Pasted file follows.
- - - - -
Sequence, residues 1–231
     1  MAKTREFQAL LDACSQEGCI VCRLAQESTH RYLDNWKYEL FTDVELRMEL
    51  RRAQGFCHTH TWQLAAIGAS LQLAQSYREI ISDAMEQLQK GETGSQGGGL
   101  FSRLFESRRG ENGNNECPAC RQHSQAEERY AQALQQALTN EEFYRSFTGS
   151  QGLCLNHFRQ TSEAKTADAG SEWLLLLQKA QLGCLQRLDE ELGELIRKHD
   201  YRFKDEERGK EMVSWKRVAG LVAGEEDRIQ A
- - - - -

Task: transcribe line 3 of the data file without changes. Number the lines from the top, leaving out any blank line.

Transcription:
    51  RRAQGFCHTH TWQLAAIGAS LQLAQSYREI ISDAMEQLQK GETGSQGGGL